Despite the fact that it has propeller blades and has a built-in camera ready to capture your every move, the Hover Camera is anything but a drone. In fact, its makers over at Zero Zero Robotics would rather have you refer to it as a flying camera instead.
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The weight of the Hover Camera is 238 grams, and it lies below the Federal Aviation Administration’s standard size for hobby drones. The design is made to be portable and is said to be similar to a cassette tape once the propeller wings are folded inside a carbon enclosure.
“We wanted to build products that are portable,” Meng Qiu “MQ” Wang, CEO of Zero Zero Robotics, says of the invention. “It’s very light. This is significantly smaller than any other drone devices out there on the market in this class. The main design consideration is portability, user friendliness, and safety.”
Another notable difference the Hover Camera has from the traditional drone is the fact that it can rise up to 164 feet high automatically, meaning there’s no need to pack remote controls or worry about it getting smashed as you travel. Part of its features is a face detection process called auto-follow mode. It has a built-in software in the camera, which follows a person locked in without bumping into other objects or figures along the way.
But for those who are more comfortable with taking actual control of the Hover Camera, they can use the app to act as its remote control. Controls aren’t that difficult, by the way, as they follow movement through a mere tap on the screen.
Photos are taken through a 14 megapixel front camera with up to 4K resolution for video recording with dual-tone flash. Another 3 megapixel camera is found beneath the device, which is utilized for its positioning and to avoid crashing into things. The whole device is capable of hovering 360 degrees in place while “360 Pano Mode”.
Based on the testing, critics have gone to comment that one flaw of the Hover Camera would have to be the loud propellers. This is fortunately what the developers are working on.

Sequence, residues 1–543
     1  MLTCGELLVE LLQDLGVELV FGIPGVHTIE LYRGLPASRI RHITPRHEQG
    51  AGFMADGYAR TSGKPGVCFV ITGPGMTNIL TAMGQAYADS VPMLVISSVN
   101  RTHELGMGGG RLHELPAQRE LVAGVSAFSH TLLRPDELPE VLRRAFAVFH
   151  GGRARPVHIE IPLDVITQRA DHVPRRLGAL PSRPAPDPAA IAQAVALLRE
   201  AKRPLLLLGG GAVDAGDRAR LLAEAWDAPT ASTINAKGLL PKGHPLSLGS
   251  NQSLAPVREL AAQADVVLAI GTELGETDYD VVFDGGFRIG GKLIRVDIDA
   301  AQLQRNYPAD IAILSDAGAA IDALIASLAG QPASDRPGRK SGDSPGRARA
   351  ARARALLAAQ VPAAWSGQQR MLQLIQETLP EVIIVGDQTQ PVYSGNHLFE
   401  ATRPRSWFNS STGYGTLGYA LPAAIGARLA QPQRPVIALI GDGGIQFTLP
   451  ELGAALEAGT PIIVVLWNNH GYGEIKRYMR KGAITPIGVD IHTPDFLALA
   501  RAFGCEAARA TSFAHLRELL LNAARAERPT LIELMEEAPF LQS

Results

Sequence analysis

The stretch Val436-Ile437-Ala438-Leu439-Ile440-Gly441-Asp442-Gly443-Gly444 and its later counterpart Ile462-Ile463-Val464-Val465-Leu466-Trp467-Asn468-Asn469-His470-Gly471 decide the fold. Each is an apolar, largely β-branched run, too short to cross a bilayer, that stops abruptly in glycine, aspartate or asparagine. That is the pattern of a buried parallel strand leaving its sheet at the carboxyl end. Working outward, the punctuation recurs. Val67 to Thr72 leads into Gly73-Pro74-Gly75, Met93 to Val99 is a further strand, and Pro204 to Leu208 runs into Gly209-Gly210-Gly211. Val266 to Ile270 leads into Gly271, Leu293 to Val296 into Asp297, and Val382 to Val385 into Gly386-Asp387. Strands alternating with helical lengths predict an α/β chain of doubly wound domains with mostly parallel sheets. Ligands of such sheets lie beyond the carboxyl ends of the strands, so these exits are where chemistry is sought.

As for those looking into posting live videos of themselves in social media, then the Hover Camera has that covered too.
“It has a Wi-Fi hot spot on the device,” MQ added. “If I have 4G network, I get to keep my 4G connectivity, too. So I can post photos and videos to social networks.”
For those who have experiences with recording HD videos using their smartphones, they would notice that battery is drained too fast. But for the Hover Camera, users won’t need to keep changing batteries or charging it as MQ and his team have created a software that optimizes power consumption.
Battery lasts for eight minutes of flight time. Even if this is quite short, the Hover Camera is equipped with four batteries to give it at least 30 minutes flying time.
With all this smart technology that the Hover Camera has, it’s easy to detect that there will be similar products coming out in the market soon. But MQ isn’t too worried about that, saying, “It’s a lot harder to build things of this size versus bigger things. Something of this size needs to be built from ground up. We use a completely proprietary algorithm, as we’re squeezing every single drop of juice out of the Snapdragon 801; and we don’t use open source code because it’s not good enough.”
The Hover Camera is set to be launched late this summer and is reportedly priced at less than $600.